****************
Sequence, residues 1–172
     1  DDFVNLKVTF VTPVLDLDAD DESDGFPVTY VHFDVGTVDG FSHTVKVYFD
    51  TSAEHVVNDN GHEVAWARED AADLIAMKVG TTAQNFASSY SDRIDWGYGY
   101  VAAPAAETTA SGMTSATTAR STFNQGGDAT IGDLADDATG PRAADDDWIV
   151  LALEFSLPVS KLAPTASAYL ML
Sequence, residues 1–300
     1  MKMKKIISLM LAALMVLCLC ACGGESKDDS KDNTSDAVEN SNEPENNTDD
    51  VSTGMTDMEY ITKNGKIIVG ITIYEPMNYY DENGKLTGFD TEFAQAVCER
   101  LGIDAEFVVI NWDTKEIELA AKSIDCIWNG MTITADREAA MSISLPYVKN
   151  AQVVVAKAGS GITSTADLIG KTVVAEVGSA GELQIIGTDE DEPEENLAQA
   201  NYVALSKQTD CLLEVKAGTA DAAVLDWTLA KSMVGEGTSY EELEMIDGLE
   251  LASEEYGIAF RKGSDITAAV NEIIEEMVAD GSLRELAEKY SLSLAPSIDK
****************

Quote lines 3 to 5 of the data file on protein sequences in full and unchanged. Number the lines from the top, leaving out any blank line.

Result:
    51  TSAEHVVNDN GHEVAWARED AADLIAMKVG TTAQNFASSY SDRIDWGYGY
   101  VAAPAAETTA SGMTSATTAR STFNQGGDAT IGDLADDATG PRAADDDWIV
   151  LALEFSLPVS KLAPTASAYL ML